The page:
Home > Marketing > Borrowed Time for the AOR and the Impact of the Big 4 on Marketing and PR Agencies; Off Script No. 43: Chris Forhan of Bytelion

Borrowed Time for the AOR and the Impact of the Big 4 on Marketing and PR Agencies; Off Script No. 43: Chris Forhan of Bytelion

Borrowed Time for the AOR and the Impact of the Big 4 on Marketing and PR Agencies Off Script 43 Chris Forhan of Bytelion

Not every one that winds up in the marketing and PR space started there. Take Chris Forhan for example. After college, he spent seven years in capital markets, “trading corporate and high yield bonds for a large regional money manager.”

An interest in digital marketing and technology eventually lead him to a sales gig with Vocus, the former PR software maker that was eventually swallowed up by Cision. From there, he parlayed that experience into helping agencies with sales and business development.

Today, he is a partner and the chief growth officer at Bytelion, near Baltimore. The company provides custom software development and helps companies of all sizes form SaaS startups to enterprise innovation.

I specifically wanted to ask him about sales in the agency world. His comments are a great read whether you are a corporate client looking to hire an agency, or are an agency striving to build sales and BD processes.

Chris is my guest on this 43rd edition of the Off Script Q&A series.

Chris Forhan

1) You’ve spent a lot of time doing sales and business development (BD) for agencies. How is that line of work different your work in enterprise software sales? 

CF: When I was at Vocus selling enterprise software I started having real success once I took a value-based sales approach. That is, I began to focus on client outcomes as opposed to selling on features and price. Whenever you could present a solution that demonstrated a way to grow their business and have demonstrable ROI, you were much more likely to succeed.

As it turns out the agency model of charging a monthly retainer for services is not a far stretch from the SaaS model where companies charge a monthly fee for software as a service. I found that in both worlds, software as a service and the traditional services model, the client must clearly understand how the service is helping them grow as a business, whether that is through traditional ROI or achieving cost efficiency that improves margins.

The moment clients in either space start examining your costs for alternatives it is usually a sign that they are no longer clear on the value or return on investment your services are delivering.

2) What are some things you’ve learned about sales and BD for agencies, that would be useful of other salespeople in professionals’ services to know? 

CF: Sales for agencies is a very demanding and competitive space to sell as there are tons of competitors, especially when clients issue an RFP. I’ve come to learn that responding to RFP’s to win new business can be a very costly and time-consuming way to generate new business. Especially when you consider the very low win rate when there are several parties competing for the business.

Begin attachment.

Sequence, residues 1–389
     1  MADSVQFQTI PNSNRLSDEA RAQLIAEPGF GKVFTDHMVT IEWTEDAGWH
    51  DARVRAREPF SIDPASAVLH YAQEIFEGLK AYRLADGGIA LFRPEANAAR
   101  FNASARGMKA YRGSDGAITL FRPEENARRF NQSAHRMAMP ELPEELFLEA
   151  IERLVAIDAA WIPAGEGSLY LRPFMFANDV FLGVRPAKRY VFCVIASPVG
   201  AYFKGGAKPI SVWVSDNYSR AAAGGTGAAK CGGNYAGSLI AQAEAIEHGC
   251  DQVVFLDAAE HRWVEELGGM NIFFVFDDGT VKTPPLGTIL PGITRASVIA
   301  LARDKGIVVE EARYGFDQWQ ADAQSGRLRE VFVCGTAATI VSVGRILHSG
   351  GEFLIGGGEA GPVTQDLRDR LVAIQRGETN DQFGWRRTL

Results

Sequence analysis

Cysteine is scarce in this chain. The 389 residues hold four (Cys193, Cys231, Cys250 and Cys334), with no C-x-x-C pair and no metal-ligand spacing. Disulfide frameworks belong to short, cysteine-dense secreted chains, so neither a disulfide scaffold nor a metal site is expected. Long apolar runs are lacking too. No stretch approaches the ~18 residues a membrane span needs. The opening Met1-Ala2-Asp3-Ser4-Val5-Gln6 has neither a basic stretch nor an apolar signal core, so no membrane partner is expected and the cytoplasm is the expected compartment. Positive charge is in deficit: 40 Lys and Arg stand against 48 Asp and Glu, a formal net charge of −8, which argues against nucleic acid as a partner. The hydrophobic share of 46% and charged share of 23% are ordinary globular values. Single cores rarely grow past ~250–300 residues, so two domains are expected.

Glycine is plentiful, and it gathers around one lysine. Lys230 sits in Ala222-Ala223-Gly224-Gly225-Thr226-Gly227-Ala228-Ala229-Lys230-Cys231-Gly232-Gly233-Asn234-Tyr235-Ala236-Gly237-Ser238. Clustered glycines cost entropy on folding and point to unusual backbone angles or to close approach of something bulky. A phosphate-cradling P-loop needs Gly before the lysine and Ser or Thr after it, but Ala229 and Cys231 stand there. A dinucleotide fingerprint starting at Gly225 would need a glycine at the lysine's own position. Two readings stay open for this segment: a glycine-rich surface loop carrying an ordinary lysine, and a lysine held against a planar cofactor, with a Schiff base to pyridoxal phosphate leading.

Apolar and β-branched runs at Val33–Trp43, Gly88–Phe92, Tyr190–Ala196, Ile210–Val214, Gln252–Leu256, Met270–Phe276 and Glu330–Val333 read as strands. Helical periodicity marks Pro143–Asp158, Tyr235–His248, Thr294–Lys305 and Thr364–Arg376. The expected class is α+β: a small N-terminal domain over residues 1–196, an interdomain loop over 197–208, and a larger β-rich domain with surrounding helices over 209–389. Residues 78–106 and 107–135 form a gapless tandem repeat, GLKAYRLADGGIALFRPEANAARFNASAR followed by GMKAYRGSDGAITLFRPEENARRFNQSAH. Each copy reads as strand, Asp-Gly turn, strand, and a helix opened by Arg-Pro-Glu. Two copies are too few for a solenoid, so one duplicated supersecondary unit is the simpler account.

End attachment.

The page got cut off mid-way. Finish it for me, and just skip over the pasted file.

As a result, I learned to spend a lot more time qualifying, RFPs, justifying if they are worth the time and investment. Agencies get so excited to be invited to an RFP, especially with big recognizable household brands, but they do not always realize that the client issuing the RFP will usually have a shortlist of companies they are considering hiring. Therefore, if you can’t prove that you are on that shortlist, it’s probably not worth your time in proposing.

A much better way to engage and win new business is to create your own opportunities by targeting companies that are an excellent fit for your services and then pitching them creative ideas and solutions, that demonstrate your expertise so that they’ll engage with you on that idea or to help them develop and execute others.

3) How do you think the client-agency relationships have changed in the last 10 years?  What’s been the effect of that change on BD?

CF: The days of the “Agency of Record” seem to be numbered. Clients are now able to seek out and manage agency relationships with specialists who fill in the skill gaps that might be present on their own internal teams. Agencies trying to be all things to all people are going to have a hard time keeping up with the specialists such as smaller niche agencies focused on industry vertical or specializing in certain skills such as eCommerce, CRO, PPC, Paid Amazon, etc.

4) When we talked last, you noted you’ve seen the Big 4 consulting firms increasingly get into the agency space to the extent it was affecting even smaller firms. Where have you seen them get involved – and what should agencies do about it?